Grit Blogs > Tackling the Country Life

Olive Invasion

By Steve Daut


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Autumn Olive or Russian OliveAutumn Olive, a.k.a. Russian Olive, is the classic invasive, and one we have had to deal with on our new country property. It was first cultivated in Germany and imported to the U.S. in the late 1800s as an ornamental plant, where it has spread to nearly all of the central and western states. At first glance, it is an attractive bush or small tree with characteristic bladelike silver-backed leaves. In the spring it blooms with bright yellow flowers which are replaced by silvery-yellow berries.

Birds love the berries; it is browsed by deer and barked by rabbits. The berries are tart but edible, and some people make jelly or even wine out of them. This apparent attractiveness is part of what makes it a problem. It spreads from birds distributing the seeds, and through its root system. And uncontrolled, it will grow almost anywhere, and will out-compete almost anything in its path.  I have seen it grow up and choke out even well-established pines in a forest where the soil is so acidic almost nothing will grow. Once you begin to recognize it, you will see it everywhere.

Because it is spread by bird droppings, it can spring up almost anywhere, even where it has been recently eradicated. One plant is all it takes to get going, so annual inspections are needed to make sure it doesn’t re-establish itself. But if you cut it down, it grows lusher than before, and if you pull it out, any remaining root fragments will send up more shoots in the spring. So how do you rid yourself of this stuff?

I did a lot of research trying to determine the most effective treatment for a very large and well established stand of this attractive nuisance. Although I realize that some people eschew the use of herbicides, there seems to be no other current solution to dealing with this problem. Obviously, all recommended safety precautions should be followed when using these chemicals, and you should always follow the manufacturer’s instructions. So far, the program has proven to be very successful in eradicating the problem with no regrowth.

The program involves a multi-step approach. The first step is n the spring when the plants are actively growing, using a strong basal bark application of a triclopyr-based herbicide such as Garlon, Release or Brush-B-Gone. The benefit of this foliar herbicide is that it leaves grasses and conifer unaffected. We used a 20% solution of Garlon 4, soaking about 1 inch of each plant all the way around the base. There was no special preparation- we sprayed it right on the bark. This was highly effective against even well-established plants. On the smaller sprouts, the entire leaf system was covered.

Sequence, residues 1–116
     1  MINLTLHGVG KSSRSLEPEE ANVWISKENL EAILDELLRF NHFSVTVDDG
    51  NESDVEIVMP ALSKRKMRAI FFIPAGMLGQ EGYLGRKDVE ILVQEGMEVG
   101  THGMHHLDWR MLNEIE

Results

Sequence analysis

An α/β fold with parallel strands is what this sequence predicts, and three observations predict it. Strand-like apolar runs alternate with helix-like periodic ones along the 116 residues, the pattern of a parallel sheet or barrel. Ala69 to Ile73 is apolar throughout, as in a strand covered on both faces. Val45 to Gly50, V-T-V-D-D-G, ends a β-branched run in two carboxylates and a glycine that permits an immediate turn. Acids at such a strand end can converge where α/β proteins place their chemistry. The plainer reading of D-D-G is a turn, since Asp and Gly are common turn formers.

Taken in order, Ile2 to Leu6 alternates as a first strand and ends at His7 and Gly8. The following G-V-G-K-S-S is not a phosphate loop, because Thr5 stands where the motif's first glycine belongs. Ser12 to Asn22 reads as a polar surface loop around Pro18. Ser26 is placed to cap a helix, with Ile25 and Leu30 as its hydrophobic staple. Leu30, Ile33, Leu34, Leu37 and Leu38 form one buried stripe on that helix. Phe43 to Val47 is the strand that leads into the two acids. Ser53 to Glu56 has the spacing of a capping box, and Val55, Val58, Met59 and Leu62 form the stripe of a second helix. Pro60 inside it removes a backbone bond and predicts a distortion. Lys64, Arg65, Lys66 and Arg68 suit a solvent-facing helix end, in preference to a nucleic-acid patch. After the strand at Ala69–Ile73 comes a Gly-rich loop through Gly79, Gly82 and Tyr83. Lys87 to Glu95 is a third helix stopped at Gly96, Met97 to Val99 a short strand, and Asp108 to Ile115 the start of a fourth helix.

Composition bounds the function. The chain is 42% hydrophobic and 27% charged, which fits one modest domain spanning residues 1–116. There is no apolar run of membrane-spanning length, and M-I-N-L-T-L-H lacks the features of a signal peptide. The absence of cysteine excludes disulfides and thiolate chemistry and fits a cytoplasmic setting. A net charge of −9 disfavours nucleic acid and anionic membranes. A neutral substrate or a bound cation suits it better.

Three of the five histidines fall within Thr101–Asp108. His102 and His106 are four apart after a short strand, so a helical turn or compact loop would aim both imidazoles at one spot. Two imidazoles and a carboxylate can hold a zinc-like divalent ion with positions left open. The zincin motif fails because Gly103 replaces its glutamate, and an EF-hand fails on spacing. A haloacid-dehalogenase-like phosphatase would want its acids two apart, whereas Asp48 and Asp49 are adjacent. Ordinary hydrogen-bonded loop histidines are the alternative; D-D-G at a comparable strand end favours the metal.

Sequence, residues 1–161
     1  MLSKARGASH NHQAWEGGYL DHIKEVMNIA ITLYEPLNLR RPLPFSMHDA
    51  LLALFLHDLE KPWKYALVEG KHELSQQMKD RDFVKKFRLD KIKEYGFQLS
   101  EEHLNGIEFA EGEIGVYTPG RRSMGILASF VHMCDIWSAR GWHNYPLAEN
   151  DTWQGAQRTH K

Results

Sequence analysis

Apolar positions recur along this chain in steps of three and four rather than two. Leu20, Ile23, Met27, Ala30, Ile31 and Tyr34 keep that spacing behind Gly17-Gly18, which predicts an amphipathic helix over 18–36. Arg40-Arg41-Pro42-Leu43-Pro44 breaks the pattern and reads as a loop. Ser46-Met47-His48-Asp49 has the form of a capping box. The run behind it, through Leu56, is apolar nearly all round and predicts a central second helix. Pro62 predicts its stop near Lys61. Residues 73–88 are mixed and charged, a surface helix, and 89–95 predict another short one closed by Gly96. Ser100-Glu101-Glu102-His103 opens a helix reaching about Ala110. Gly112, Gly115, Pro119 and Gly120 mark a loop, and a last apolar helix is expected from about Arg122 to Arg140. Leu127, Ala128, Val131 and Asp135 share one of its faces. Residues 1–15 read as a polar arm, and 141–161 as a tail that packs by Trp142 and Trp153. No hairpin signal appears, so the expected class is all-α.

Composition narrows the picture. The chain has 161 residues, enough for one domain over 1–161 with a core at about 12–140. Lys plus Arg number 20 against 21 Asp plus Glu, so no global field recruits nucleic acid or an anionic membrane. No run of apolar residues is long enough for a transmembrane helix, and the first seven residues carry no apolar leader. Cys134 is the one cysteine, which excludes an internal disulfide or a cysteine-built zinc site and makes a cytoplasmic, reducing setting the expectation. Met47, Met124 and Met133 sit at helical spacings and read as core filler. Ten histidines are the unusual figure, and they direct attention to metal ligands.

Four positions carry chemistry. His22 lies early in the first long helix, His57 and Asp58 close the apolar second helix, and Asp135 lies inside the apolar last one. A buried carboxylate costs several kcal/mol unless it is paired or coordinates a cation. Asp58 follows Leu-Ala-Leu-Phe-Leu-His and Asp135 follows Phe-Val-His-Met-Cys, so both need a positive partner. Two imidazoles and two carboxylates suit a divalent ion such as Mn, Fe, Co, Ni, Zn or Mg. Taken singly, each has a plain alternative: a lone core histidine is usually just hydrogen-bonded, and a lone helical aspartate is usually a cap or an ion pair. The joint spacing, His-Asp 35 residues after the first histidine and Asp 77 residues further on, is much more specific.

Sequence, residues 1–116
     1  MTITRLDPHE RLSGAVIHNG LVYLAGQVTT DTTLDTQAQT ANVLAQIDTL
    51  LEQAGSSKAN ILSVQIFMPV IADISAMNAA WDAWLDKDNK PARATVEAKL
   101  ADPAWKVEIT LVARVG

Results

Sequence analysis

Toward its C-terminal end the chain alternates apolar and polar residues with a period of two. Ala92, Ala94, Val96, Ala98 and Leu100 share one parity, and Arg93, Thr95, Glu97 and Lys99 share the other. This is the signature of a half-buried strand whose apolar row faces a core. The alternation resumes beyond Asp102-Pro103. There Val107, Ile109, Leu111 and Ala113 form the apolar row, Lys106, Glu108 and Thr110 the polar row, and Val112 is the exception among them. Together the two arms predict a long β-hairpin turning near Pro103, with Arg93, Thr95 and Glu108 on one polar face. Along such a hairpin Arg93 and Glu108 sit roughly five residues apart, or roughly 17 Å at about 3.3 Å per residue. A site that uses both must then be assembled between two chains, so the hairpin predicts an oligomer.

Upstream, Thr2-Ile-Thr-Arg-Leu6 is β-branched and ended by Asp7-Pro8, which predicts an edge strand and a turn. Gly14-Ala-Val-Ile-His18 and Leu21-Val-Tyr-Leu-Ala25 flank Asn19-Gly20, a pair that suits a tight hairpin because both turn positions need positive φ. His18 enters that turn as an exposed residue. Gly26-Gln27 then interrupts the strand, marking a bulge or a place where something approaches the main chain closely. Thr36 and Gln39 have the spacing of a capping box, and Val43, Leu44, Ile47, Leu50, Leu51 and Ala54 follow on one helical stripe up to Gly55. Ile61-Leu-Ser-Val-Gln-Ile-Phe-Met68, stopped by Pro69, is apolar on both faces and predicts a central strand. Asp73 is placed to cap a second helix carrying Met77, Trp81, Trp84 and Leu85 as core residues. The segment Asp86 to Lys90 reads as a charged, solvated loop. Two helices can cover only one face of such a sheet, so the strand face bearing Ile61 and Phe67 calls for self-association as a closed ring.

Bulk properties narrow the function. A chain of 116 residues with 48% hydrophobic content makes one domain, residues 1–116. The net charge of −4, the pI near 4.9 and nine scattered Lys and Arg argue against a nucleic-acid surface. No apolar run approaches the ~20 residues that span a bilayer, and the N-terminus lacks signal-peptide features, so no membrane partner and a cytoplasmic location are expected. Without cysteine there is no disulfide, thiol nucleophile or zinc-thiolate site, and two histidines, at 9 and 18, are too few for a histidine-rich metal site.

The second step is in the early fall, after the heat of summer has abated somewhat and the plant is not growing. Cut the plants off at the base, and immediately daub the cut stump with a full-strength application of a glyphosate herbicide such as Rodeo, Roundup, or Tumblweed. Since this is a non-selective herbicide, it will kill anything it touches so extreme care should be taken with the application.

After this, it’s best to revisit the area every spring to check for sprouts, and pull them out or treat them again with triclopyr. This approach is very aggressive, and may be impractical or cost prohibitive in very large applications, but it has worked well for us. If anyone else has had success with another less aggressive approach or one is less reliant on herbicides, I’d love to hear about it.

kc compton_2
2/2/2009 12:01:11 PM

I'm so sorry it's invasive. I have such a special place in my heart for this shrub (tree?). When I lived in New Mexico, I used to ride my bike as often as my time and the weather permitted and I will always remember the places on several of my rides where I would crest a hill and just about be overcome with that Russian Olive fragrance. We have some on the eastern boundary of our office here and when they're blooming, I get a whiff and am instantly transported to the beautiful Sangre de Cristo mountains and the joy of being on my bike. I love the idea of using them to make ethanol. There are so many species like that that are amazing growers and don't need a lot of inputs to get going. This makes so much practical sense ... --KC


cindy murphy
12/26/2008 9:22:24 AM

Autumn Olive - a classic case of an "exotic" gone wild; like the multi-flora rose and glossy buckthorn, the very reason it was imported is the reason it's invasive here: its easy propagation and indestructability. We used to sell it at the nursery when I first started working there eight years ago. It wasn't long after - not even a season if I remember correctly - that it made Michgigan's invasive species list. I remember reading of a stand so thick and out-of-control in the Detroit area that it threatened to take over one of the public parks, (Metro maybe? Belle Isle?). Once it made the list, the two remaining shrubs left at the nursery - huge things, a testiment to its speedy growth rate - became brush-pile fodder. But these specimens were container grown - burning them was easy. Try to burn a stand in the ground, and like cutting Autumn Olive, it'll just grow back thicker than before. I haven't heard of any other way to eradicate it, Steve, other than herbicides. I have heard though, of people keeping it under control, (at least from spreading to other areas), by diligent pruning. Prune heavily right after it flowers, and the berries won't have a chance to form, eliminating the plant being spread by birds and animals. Good luck, Steve. As an interesting side note: Studies are being done to determine the feasiblity of Autumn Olive being used to make ethanol. Because of its fast growth rate and ability to rejuvenate quickly after cutting, it's thought that it may be more cost effective than planting corn year after year.